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Private Mortgage Insurance Definition Explained – What is PMI?

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private mortgage insurance definition

When it comes to buying a home, whether it is your first time or your third, it is always important to know all the facts. With the large number of mortgage programs available that allow buyers to purchase homes with down payments below 20%, you can never have too much information about Private Mortgage Insurance (PMI).

Private Mortgage Insurance Definition

Freddie Mac showcases the Private Mortgage Insurance Definition as:

“An insurance policy that protects the lender if you are unable to pay your mortgage. It’s a monthly fee, rolled into your mortgage payment, that is required for all conforming, conventional loans that have down payments less than 20%. Once you’ve built equity of 20% in your home, you can cancel your PMI and remove that expense from your mortgage payment.”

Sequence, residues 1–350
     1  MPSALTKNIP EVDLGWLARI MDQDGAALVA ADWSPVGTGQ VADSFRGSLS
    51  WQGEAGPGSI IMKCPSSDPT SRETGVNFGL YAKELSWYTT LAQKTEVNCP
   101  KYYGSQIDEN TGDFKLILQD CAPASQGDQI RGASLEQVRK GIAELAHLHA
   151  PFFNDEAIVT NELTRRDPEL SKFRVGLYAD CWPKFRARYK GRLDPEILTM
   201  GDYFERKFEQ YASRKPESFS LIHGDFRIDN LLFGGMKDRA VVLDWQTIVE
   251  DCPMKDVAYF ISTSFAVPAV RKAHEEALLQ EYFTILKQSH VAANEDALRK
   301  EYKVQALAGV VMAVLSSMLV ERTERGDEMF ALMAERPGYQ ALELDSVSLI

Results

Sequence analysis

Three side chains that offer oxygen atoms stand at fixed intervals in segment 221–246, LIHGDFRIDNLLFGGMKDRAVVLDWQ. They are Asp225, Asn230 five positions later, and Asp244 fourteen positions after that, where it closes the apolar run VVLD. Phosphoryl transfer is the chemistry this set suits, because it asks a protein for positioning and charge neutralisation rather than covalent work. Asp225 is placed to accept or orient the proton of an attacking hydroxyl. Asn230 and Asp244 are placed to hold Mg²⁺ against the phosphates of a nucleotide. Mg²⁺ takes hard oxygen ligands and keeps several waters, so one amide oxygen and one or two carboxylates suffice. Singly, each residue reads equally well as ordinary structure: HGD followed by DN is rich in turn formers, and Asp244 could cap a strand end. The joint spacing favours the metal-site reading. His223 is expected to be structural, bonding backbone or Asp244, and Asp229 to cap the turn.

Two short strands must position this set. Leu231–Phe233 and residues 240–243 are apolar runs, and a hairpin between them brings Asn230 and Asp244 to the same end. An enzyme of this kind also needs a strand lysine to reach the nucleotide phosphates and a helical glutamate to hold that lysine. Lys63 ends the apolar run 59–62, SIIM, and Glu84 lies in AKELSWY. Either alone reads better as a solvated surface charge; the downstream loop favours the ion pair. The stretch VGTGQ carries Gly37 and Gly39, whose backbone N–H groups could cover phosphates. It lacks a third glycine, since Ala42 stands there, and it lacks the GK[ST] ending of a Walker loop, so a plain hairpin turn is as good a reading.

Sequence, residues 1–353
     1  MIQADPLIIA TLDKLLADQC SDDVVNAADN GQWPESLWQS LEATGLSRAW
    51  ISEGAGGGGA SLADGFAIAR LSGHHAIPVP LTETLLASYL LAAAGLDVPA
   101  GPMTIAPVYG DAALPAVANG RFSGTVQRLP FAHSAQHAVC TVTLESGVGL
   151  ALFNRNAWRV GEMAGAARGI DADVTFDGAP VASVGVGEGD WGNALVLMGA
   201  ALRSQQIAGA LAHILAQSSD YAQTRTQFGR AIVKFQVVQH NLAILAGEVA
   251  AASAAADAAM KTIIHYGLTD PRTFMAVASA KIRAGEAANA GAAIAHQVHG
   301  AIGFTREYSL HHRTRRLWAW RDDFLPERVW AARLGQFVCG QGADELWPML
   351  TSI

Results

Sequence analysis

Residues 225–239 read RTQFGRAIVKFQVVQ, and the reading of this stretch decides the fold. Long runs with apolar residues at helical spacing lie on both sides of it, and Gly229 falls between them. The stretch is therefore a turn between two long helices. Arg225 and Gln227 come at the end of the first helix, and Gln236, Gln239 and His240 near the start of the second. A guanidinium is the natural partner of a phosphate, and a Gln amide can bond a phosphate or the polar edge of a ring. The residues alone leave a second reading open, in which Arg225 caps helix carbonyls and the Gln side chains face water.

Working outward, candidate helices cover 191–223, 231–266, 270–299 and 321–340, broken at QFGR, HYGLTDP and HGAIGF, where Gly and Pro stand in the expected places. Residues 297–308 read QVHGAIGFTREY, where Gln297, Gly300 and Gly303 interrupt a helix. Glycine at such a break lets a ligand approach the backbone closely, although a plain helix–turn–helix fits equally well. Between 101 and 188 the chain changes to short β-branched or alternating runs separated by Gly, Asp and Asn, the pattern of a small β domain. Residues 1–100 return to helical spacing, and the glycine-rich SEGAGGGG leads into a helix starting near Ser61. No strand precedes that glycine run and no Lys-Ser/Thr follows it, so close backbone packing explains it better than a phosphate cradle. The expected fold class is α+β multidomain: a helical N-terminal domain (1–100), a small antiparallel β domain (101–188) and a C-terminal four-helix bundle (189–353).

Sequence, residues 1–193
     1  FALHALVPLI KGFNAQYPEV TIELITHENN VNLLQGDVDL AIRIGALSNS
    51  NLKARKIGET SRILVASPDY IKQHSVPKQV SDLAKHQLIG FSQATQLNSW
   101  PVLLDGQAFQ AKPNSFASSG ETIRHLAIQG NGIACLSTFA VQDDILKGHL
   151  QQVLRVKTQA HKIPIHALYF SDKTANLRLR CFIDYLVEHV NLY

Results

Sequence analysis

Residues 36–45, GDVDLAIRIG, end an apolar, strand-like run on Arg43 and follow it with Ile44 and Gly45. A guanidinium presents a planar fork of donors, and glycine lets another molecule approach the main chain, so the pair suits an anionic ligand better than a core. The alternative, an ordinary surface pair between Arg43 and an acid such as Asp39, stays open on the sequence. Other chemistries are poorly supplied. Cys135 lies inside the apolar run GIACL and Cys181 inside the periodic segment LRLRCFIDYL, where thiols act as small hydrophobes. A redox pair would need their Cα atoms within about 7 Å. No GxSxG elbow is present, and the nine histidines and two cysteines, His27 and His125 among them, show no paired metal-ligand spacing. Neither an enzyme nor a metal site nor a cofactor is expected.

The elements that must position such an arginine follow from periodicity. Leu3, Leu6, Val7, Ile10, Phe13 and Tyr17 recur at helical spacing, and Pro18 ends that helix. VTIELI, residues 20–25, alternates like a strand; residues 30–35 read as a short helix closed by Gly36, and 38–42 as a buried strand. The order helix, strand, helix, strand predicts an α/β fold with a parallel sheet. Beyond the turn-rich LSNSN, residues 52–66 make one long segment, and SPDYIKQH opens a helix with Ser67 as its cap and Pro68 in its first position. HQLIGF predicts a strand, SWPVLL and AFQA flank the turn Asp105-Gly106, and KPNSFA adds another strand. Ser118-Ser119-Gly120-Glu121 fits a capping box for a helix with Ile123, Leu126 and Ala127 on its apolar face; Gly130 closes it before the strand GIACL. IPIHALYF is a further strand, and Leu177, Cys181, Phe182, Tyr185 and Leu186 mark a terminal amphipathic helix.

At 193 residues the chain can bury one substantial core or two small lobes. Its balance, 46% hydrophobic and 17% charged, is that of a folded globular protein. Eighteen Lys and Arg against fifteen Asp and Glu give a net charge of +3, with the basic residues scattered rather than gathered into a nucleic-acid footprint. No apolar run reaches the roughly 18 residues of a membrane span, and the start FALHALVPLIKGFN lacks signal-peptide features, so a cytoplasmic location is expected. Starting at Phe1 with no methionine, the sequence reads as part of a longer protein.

As the borrower, you pay the monthly premiums for the insurance policy through escrow, and the lender is the beneficiary. Freddie Mac goes on to explain that:

“The cost of PMI varies based on your loan-to-value ratio – the amount you owe on your mortgage compared to its value – and credit score, but you can expect to pay between $30 and $70 per month for every $100,000 borrowed.” 

According to the National Association of Realtors, the average down payment for all buyers last year was 10%. For first-time buyers, that number dropped to 5%, while repeat buyers put down 14% (no doubt aided by the sale of their homes). The data goes to show that for a large number of buyers last year, PMI did not stop them from buying their dream homes.

Here’s an example of the cost of a mortgage on a $200,000 home with a 5% down payment & PMI, compared to a 20% down payment without PMI:

private mortgage insurance definition

The larger the down payment you can make, the lower your monthly housing cost will be, but Freddie Mac urges you to remember:

“It’s no doubt an added cost, but it’s enabling you to buy now and begin building equity versus waiting 5 to 10 years to build enough savings for a 20% down payment.”

Bottom Line

Mortgage rates are on fire, so if you have questions about whether you should buy now or wait until you’ve saved a more significant down payment, let’s get together to discuss your market’s conditions and help you make the best decision for you and your family.

This article is a part of our “Real Estate 101” series of posts, written to make you aware of the basics.  Click to learn more.

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